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Buccal epithelial cells are occasionally used as a source of supposedly non‐neoplastic DNA in patients suffering from haematological malignancies. Formerly, Kralovics et al found the JAK2 V617F mutation in DNA derived from buccal swabs in only 2.2% of patients with Philadelphia‐negative chronic myeloproliferative disorders (Ph− CMPD).1
We compared the JAK2 V617F mutational status in DNA derived from buccal swabs to that in DNA extracted from either bone marrow or peripheral blood in 35 Ph− CMPD patients, including five cases of polycythaemia vera (PV), five cases of chronic idiopathic myelofibrosis (CIMF) and 25 cases of essential thrombocythaemia (ET). Genomic DNA was isolated from buccal swabs immediately on collection and from fresh‐frozen bone marrow or peripheral blood, using Sherlock AX (A&A Biotechnology, Gdynia, Poland) and QIAamp DNA Mini Kit (Qiagen GmbH, Hilden, Germany) respectively. Allele‐specific PCR for detecting the JAK2 V617F mutation was performed in duplicate samples with 100 ng DNA, as described previously.2 PCR products were analysed by electrophoresis on 2% agarose gels containing ethidium bromide at 100 V for 1–2 h.
The mutation was detected in 26 samples derived from bone marrow or blood and in 24 of 26 (92.3%) samples derived from matching buccal swabs. In two ET cases the mutation was noted in DNA derived from haematopoietic tissue only, and was absent in buccal swabs. All nine cases negative for the mutation in blood/marrow samples showed concordant negative results in the buccal swabs. The mutation‐specific 203 bp band was occasionally weaker in DNA derived from swabs compared to DNA of a direct haematopoietic origin (fig 11).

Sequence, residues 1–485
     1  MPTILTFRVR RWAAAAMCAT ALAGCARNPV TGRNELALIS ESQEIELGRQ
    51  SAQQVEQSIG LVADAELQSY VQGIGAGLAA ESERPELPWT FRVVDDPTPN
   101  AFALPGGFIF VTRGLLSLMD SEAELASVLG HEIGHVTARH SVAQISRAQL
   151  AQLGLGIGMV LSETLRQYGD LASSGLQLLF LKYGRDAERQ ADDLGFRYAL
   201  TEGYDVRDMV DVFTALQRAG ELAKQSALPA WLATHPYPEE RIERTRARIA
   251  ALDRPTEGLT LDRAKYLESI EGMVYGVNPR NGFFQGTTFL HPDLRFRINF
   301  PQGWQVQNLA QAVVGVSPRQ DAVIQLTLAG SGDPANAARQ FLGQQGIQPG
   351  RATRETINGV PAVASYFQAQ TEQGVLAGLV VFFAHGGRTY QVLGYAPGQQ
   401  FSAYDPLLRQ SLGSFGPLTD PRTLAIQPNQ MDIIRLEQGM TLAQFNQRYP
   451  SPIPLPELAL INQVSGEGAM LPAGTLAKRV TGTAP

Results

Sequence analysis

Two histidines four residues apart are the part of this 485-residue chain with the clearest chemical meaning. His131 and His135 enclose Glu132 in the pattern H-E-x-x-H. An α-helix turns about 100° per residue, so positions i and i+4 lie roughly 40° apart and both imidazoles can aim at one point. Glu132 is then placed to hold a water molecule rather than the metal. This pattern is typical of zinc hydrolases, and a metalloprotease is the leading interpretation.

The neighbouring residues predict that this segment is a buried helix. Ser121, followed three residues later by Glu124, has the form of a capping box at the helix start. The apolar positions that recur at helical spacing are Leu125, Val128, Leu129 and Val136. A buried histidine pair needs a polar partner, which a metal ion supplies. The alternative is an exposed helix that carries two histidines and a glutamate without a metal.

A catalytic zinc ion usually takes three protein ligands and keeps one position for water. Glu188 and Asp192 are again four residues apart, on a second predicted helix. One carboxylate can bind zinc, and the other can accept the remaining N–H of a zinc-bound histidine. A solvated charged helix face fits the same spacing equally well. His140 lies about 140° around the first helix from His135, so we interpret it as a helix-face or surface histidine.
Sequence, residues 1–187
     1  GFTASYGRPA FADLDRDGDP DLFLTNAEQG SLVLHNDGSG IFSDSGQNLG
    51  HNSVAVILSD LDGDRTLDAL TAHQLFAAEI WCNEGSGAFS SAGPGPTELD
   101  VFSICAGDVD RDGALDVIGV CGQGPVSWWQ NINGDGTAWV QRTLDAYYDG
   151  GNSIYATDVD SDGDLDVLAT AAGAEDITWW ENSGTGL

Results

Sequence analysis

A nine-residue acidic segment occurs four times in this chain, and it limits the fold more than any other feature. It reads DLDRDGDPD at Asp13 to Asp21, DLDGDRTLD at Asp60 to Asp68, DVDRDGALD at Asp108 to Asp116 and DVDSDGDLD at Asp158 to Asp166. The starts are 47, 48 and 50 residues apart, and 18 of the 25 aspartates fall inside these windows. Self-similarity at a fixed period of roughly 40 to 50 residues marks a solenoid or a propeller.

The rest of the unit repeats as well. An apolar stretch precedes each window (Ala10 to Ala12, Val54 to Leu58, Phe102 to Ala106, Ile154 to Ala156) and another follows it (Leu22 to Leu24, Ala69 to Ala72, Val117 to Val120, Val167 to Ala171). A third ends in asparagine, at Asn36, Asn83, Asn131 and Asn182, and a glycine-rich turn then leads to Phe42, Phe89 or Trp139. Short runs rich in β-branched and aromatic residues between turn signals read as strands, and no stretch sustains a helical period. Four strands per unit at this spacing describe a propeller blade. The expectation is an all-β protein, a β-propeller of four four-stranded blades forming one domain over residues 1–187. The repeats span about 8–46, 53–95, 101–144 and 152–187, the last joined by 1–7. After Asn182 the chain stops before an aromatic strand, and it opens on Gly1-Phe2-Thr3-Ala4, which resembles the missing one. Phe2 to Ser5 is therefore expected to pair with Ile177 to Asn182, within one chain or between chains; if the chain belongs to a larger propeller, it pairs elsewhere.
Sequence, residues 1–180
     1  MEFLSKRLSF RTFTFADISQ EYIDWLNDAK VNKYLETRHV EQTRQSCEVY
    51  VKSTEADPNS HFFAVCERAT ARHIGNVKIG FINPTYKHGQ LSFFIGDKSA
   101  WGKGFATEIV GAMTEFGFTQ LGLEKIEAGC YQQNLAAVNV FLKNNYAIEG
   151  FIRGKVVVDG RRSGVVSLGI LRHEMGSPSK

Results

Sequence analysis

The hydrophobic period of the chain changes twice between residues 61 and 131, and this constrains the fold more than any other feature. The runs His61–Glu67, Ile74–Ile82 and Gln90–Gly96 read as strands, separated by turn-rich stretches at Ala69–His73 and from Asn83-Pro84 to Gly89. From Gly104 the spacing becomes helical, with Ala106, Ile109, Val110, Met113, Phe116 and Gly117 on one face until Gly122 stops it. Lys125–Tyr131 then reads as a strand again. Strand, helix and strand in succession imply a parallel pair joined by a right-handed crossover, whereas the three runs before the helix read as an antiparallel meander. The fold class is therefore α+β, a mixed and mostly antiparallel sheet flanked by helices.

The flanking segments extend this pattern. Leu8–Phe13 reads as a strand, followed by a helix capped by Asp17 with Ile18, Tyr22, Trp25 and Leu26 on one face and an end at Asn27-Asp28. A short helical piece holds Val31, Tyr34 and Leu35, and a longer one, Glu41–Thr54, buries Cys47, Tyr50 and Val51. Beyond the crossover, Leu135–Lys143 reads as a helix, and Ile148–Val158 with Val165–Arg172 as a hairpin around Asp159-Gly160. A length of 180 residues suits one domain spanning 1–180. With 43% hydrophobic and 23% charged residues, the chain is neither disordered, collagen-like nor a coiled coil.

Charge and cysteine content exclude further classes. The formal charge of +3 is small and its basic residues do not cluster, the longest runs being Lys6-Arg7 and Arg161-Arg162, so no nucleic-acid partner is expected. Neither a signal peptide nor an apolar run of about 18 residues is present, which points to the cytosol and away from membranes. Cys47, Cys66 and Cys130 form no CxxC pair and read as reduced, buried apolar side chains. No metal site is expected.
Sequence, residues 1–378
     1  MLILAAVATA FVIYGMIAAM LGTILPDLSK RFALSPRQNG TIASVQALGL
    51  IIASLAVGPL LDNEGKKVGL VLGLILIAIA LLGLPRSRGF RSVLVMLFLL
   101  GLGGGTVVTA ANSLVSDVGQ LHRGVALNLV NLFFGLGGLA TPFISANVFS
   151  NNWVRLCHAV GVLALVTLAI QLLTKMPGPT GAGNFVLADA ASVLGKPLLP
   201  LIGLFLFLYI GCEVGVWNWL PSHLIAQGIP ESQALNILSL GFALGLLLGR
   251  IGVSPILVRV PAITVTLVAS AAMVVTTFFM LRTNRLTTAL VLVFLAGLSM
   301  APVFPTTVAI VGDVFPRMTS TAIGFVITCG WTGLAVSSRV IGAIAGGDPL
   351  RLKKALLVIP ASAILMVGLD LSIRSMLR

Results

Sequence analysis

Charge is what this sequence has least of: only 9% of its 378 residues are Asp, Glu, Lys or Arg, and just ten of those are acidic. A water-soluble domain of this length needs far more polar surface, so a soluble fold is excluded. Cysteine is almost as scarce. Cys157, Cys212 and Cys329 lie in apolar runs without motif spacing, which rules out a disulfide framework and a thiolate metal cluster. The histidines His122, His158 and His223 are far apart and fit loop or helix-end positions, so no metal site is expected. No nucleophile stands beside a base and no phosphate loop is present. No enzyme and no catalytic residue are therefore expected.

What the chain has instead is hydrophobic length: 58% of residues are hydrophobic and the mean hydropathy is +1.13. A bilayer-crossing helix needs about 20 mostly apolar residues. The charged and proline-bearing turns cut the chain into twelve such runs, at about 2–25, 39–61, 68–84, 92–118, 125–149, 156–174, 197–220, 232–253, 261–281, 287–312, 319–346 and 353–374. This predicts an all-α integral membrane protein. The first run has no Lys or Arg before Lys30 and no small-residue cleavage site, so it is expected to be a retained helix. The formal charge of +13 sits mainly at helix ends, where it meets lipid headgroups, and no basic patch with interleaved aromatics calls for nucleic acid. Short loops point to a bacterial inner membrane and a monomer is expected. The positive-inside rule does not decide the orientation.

The high rate of mutation detection in our material might have resulted from a high sensitivity of the allele‐specific PCR. Also of some potential importance was the technique of buccal swab sampling, with generous bilateral collection of the material from patients' oral mucosa. Buccal swabs are most likely contaminated with leucocytes and removal of non‐epithelial cells by mouth rinsing was suggested as a precaution in chimerism studies.3 A more intriguing hypothesis, explaining why a genetic event apparently specific for the somatic haematopoietic tissue, is detected in buccal swabs may be proposed based on recently described trans‐differentiation of haematopoietic cells into epithelial cells in allogeneic bone marrow transplant recipients.4,5
The exact origin of the mutant DNA notwithstanding, buccal swabs appear to be a surprisingly good source of material for JAK2 mutation studies, provided that a sensitive mutation detection system is used. Their collection is much less invasive and cheaper, even when compared to collection of peripheral blood. On the other hand, caution has to be exercised when DNA derived from buccal swabs is planned to be used as a source of supposedly “wild‐type” genetic material for comparison with DNA derived from blood or marrow, in the studies of mutations expected to be specific for haematopoietic tissues.
Funding: Supported by the Committee for Scientific Research, Republic of Poland, grant no 3 P05B 084 24.
Competing interests: None declared.